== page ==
- How much does it cost for someone without insurance? Please telephone our office at 404.659.5909 Ext. 103 and speak with our Epidural Steroid Scheduler regarding the physician fee. The Surgery Center fee is separate and you will need to contact them directly. Gwinnett Surgery Center 770.979.8200 or Northlake Surgical Center 770.270.1284.
In patients with severe muscle spasms, the muscle area is characterized by trigger points. These are irritable areas of the muscle that can cause pain in that area and can also refer pain to other areas of the body. Their location can be confirmed by touching the tender area in the muscle.
An injection can be performed in the physician’s outpatient clinic using a local anesthetic (usually Marcaine 0.5%). Generally two or three injections are given at a time and can be repeated on a weekly basis for up to three weeks. It is at this point that your physician can more accurately determine if
additional injections should be performed.
The risks involved in this procedure are very minimal.
There are no routine orders necessary for the injection. You can drive home after the injection and do not need to alter your diet prior to the time of the injection.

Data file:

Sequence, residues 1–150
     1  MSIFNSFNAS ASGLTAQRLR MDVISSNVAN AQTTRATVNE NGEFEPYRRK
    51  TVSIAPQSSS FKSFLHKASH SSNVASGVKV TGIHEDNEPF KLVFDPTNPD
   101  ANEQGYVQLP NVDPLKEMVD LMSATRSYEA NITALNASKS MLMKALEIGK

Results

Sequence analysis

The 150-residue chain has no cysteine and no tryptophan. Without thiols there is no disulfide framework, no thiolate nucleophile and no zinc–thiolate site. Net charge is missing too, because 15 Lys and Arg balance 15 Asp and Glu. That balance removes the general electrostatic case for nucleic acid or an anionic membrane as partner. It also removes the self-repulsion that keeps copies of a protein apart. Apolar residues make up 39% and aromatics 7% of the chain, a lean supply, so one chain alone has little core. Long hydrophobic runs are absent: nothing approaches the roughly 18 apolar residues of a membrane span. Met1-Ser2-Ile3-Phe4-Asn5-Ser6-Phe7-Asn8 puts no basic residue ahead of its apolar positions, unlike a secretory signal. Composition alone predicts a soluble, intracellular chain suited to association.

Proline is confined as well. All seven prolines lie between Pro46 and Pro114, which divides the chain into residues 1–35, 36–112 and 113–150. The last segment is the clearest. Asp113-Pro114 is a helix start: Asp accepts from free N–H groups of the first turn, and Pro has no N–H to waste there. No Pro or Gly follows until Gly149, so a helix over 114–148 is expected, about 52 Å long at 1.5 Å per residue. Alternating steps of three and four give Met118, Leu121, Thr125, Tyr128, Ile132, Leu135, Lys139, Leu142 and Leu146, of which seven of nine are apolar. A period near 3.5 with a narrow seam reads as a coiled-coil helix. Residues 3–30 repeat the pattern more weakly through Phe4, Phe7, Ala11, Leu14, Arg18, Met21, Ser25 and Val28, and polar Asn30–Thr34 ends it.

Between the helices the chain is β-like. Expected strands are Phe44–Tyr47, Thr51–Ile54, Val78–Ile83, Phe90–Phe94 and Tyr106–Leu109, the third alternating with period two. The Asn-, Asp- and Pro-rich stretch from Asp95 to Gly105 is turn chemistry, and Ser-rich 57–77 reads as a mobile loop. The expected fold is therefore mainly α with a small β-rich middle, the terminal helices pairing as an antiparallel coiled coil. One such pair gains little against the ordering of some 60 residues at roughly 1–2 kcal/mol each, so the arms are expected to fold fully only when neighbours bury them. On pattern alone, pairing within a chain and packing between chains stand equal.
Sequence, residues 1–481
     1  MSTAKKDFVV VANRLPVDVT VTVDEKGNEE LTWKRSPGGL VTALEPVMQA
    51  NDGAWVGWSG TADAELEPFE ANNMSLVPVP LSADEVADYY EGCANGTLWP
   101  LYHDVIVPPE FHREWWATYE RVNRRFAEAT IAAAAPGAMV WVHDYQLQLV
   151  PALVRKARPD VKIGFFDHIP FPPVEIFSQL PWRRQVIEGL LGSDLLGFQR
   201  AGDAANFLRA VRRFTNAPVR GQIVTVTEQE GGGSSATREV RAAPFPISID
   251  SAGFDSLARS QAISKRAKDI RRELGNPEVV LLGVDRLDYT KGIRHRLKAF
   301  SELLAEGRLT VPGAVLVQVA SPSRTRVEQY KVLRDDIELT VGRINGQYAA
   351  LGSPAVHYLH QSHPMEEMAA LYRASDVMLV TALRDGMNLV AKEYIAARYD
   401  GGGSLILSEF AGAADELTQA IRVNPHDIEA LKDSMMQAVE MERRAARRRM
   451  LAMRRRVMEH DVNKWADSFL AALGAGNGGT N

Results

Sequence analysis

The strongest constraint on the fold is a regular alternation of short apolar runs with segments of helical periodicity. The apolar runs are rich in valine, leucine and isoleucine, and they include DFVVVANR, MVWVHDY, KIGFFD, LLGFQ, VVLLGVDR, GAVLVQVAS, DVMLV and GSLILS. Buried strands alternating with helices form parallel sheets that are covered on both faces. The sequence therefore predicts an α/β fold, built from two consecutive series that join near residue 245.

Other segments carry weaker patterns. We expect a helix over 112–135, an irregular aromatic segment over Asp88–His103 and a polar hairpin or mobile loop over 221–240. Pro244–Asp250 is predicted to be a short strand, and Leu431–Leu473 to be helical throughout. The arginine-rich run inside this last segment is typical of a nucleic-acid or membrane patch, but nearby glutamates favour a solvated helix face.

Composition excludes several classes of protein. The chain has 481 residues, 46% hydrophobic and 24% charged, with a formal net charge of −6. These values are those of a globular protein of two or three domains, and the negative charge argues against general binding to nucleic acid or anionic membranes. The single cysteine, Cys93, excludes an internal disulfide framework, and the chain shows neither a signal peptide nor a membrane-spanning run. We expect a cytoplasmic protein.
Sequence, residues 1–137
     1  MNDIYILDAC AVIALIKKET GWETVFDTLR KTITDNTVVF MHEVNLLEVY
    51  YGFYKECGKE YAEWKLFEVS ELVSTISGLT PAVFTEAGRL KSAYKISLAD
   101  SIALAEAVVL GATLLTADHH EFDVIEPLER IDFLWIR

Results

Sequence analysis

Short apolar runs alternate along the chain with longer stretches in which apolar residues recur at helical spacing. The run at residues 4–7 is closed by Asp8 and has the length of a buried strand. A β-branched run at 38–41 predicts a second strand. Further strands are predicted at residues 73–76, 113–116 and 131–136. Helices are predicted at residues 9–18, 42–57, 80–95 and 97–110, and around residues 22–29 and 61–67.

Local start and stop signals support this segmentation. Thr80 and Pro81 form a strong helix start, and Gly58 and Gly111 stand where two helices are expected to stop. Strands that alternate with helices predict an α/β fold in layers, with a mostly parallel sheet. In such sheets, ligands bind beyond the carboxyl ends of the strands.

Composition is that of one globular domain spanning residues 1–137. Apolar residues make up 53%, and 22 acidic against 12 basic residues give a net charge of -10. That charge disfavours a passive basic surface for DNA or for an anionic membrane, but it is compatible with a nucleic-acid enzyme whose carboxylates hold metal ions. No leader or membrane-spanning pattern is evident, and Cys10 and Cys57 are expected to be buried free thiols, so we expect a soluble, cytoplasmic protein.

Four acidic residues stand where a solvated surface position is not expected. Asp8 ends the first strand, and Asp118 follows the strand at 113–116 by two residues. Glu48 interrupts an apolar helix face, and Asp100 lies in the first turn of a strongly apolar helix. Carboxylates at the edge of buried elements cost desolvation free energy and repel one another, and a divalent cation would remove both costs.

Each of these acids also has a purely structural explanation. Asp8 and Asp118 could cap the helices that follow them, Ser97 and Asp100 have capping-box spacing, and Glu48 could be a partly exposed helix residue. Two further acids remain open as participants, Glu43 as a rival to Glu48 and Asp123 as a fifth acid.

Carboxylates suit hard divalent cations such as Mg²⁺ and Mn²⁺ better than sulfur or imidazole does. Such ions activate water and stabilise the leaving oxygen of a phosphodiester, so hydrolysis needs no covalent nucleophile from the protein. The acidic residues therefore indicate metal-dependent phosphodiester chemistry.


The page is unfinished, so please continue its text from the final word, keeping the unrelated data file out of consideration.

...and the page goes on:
Georgia State Law 360-3-.06
Rehabilitation Physicians of Georgia offers the convenience of an in-house lab to perform qualitative and quantitative analysis labs. At Rehabilitation Physicians of Georgia, P.C. we do randomized drug test as required by Georgia State Law (360-3-06). Urine drug monitoring is an important tool, along with other clinical information, that helps your doctor better determine the best way to treat your chronic pain.
RPG accepts most insurance plans including Medicare, Medicaid, and Advantage Plans.
View and fill out our forms to save time when you visit our office
View our tips to try to alleviate the pain you are suffering from.
National Opioid Dilemma:
Under treating your pain is not an option, but neither is a casual approach.